There was no difference in incidence of ventricular fibrillation/ventricular tachycardia during ischemia (V, 4/7 animals; CM, 6/7 animals; χ2, P = 0.22), or during reperfusion (V, 0/7 animals; CM, 1/7 animals; χ2, P = 0.65). All dysrhythmias were successfully terminated with intravenous lidocaine and electrical cardioversion.
Myocardial Infarct Size and Serum Troponin T Level.
The size of the ischemic AAR, expressed as a percentage of total LV mass, was not significantly different among groups (V, 36 ± 3%; CM, 37 ± 2%, P = 0.77), whereas the size of the infarcted area expressed as a percentage of the AAR was significantly smaller in CM than V (V, 41 ± 5%; CM, 24 ± 5%; P < 0.01) (Fig. 1, A and B). Serum troponin T after reperfusion was significantly lower in CM (P = 0.03) (Fig. 1C).
Chymase activity (mU/mg protein) in both AAR (V, 9.7 ± 2.6; CM, 1.1 ± 0.3; P = 0.01) and NLV (V, 18.7 ± 6.1; CM, 1.3 ± 0.2; P = 0.02) were significantly lower in CM than V (Fig. 1, D and E).
Myocardial and Serum Ang II.
Ang II levels in both the AAR (P = 0.65; Fig. 1F) and the serum after reperfusion (P = 0.44; Fig. 1G) were not modified by chymase inhibition. Figure 1, H and I illustrates heart TTC staining in V- and CM-treated pigs. Notice the smaller area of necrosis compared with the AAR. The areas delineated represent the necrotic left ventricle.
Myocardial and Serum RAS Components.
Expression of RAS components in the AAR other than chymase was not statistically different between groups: angiotensinogen (P = 0.81), renin (P = 0.19), ACE (P = 0.28), angiotensin II type 1 receptor (P = 0.09), and angiotensin II type 2 receptor (P = 0.21) (Supplemental Fig. S2), whereas chymase (P = 0.01) were significantly reduced in CM (Fig. 2A). However, serum levels of chymase (P = 0.25; Fig. 2B) were similar between groups.
Myocardial Vitronectin, Fibronectin, and Other Enzymes Related to MMP-9 Activation.
Expression of cleaved vitronectin (P = 0.02; Fig. 2C) was reduced in CM in the AAR, whereas total fibronectin (P = 0.03; Fig. 2D) was significantly higher in CM in the AAR but no cleaved form was detected (data not shown). Tryptase, thrombin, plasminogen (data not shown), and elastase (data not shown) were not significantly different between groups in either AAR or NLV (Supplemental Fig. S2).
Western blotting showed that myocardial levels of phosphor-Ser-1177-eNOS (P < 0.01) and total eNOS (P = 0.03) in the AAR were significantly higher in CM (Fig. 3A).
Assessment of Myocardial MMP-9 Activation and Serum MMP-9 Levels.
Western blotting demonstrated that myocardial levels of cleaved MMP-9 (P < 0.01) and pro-MMP-9 (P < 0.01) and the ratio of cleaved/pro-MMP-9 (P = 0.02) in the AAR were significantly reduced in CM (Fig. 3B, left histogram). In the gel zymography assay, in both the AAR and NLV, pro-MMP-9 (AAR, P = 0.03; NLV, P < 0.01), cleaved MMP-9 (AAR, P = 0.03; NLV, P = 0.05), and the ratio of cleaved/pro-MMP-9 (AAR, P = 0.02; NLV, P = 0.03) were significantly lower in CM compared with V (Fig. 3C, center histogram). Serum levels of MMP-9 (P = 0.32) did not show the difference between groups (Fig. 3D, right histogram).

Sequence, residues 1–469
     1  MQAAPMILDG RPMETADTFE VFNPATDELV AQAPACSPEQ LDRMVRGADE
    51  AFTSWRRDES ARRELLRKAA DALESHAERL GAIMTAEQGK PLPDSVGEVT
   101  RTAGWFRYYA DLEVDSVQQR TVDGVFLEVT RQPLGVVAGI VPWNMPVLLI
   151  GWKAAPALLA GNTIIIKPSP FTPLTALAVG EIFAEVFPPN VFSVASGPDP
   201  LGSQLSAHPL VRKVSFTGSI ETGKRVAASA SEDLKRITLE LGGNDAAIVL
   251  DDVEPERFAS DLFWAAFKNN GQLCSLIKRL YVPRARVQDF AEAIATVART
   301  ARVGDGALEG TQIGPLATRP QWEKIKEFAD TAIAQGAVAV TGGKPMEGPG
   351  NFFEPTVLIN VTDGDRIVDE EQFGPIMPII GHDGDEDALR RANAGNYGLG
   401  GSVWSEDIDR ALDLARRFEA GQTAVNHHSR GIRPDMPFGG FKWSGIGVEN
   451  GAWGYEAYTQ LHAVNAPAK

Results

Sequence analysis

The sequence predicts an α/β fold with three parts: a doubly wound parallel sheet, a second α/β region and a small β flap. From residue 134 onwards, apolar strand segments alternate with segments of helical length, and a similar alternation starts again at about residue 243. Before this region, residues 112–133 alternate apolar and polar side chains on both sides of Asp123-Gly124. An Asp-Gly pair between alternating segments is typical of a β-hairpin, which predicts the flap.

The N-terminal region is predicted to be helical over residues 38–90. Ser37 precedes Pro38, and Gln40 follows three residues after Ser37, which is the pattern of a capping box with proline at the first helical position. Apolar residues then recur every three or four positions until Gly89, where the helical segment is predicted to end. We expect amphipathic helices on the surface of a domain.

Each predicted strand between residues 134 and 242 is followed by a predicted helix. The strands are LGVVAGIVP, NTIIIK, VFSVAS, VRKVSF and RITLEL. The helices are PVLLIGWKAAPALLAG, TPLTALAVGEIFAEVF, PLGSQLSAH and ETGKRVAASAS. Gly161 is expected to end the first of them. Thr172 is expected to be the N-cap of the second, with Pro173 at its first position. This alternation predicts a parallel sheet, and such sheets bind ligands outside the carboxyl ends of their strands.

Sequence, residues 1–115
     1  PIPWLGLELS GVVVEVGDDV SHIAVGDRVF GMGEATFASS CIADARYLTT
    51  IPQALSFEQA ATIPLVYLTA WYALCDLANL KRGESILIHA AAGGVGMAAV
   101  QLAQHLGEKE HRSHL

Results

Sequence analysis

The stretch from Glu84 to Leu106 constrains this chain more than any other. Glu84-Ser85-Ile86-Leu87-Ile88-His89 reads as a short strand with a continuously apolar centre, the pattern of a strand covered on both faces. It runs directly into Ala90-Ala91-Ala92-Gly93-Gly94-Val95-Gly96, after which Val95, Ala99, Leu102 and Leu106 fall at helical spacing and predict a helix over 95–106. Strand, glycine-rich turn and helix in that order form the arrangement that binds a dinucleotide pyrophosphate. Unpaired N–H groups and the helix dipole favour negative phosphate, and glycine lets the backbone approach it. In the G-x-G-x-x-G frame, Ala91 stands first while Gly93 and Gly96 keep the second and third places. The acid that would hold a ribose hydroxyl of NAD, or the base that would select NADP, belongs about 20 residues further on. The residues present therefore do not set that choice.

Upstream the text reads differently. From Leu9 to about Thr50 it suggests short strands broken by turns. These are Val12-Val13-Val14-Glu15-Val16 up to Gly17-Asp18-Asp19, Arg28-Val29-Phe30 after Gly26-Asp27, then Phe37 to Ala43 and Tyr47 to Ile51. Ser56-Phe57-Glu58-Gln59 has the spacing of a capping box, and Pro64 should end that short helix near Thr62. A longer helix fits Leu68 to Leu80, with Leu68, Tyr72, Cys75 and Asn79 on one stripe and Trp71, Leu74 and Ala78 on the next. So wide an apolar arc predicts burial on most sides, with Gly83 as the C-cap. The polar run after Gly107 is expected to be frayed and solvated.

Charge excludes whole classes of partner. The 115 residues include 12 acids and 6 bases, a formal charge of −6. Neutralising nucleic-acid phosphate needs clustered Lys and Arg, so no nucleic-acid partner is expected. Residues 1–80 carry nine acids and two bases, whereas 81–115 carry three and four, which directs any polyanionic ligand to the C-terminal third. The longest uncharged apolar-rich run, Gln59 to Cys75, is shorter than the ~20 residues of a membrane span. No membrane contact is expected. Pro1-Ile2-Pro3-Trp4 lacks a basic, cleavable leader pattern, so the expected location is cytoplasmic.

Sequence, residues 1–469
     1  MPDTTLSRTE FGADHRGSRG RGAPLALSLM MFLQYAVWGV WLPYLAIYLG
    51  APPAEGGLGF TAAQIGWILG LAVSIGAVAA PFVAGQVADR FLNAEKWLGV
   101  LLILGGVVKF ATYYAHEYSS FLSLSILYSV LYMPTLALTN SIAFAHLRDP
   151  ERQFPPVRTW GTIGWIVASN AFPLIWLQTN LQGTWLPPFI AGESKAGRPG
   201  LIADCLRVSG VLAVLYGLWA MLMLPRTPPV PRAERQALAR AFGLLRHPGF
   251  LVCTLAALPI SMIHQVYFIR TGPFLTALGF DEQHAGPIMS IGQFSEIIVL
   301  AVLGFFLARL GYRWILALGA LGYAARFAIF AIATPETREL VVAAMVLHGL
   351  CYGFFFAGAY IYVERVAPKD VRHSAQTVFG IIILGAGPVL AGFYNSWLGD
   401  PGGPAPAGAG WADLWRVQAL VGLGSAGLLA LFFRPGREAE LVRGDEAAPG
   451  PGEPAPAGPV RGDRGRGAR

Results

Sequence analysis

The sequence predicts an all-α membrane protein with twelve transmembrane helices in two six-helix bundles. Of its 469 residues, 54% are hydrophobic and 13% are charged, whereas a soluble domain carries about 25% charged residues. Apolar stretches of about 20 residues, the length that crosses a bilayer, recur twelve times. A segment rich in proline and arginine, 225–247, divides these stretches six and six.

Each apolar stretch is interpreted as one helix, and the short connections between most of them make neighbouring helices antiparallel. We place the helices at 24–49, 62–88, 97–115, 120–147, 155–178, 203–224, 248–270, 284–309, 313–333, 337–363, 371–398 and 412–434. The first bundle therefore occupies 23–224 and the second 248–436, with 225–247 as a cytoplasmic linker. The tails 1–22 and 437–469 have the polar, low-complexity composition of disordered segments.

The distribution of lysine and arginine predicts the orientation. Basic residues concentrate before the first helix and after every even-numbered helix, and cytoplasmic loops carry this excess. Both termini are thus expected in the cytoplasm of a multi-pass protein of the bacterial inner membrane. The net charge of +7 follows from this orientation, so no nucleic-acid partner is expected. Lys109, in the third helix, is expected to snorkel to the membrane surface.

Immunohistochemistry for Mast Cell Chymase, MMP-9, and Myeloperoxidase.
Total mast cell count was not significantly different between groups in either AAR or NLV (Fig. 4, left histogram). Whereas double staining with mast cell chymase and MMP-9 demonstrated that there were significantly fewer MMP-9 positive mast cells in the AAR of CM animals (Fig. 4, center histogram; P < 0.05) (Fig. 4, A–D).
Myeloperoxidase staining showed that neutrophil count was significantly lower in AAR of CM compared with V (Fig. 4, right histogram; P < 0.05), whereas no significant difference was observed in NLV. Infiltration of the neutrophil around vessels was characteristically observed in the AAR of V (Fig. 4, E–H).
Serum Inflammatory Markers (CRP, CCL-2, IL-6, and TNF-α).
Serum levels of CRP (P = 0.66), CCL-2 (P = 0.63), IL-6 (P = 0.11), and TNF-α (P = 0.36) expressed as a percentage change from baseline to the end of reperfusion were not significantly different between groups (Fig. 5, A–D).
IL-18 was lower in both the NLV (P < 0.01) and AAR (P = 0.03) of CM animals. ICAM-1 was also lower in the AAR of CM animals (P < 0.01). On the other hand, vitronectin and Smad-3 were higher in the AAR of CM animals (P = 0.03) (Fig. 5, E and F).
TUNEL-positive cell count in the AAR was 4.3-fold higher in V versus CM (V, 63 ± 20 cells/mm2; CM, 14 ± 5 cells/mm2; P = 0.05) (Supplemental Fig. S3).
Fibroblast Proliferation Measurement.
Ki-67-positive cell count was significantly higher in the high-dose chymase group than any of the other groups (P = 0.03) (Supplemental Fig. S3).
The most significant findings of this study are that chymase inhibition reduced myocardial infarct size, MMP-9 activation, neutrophil infiltration, MMP-9 containing mast cell accumulation, and inflammatory gene expression after AMI-R. In addition, chymase inhibition was associated with higher levels of total and active eNOS.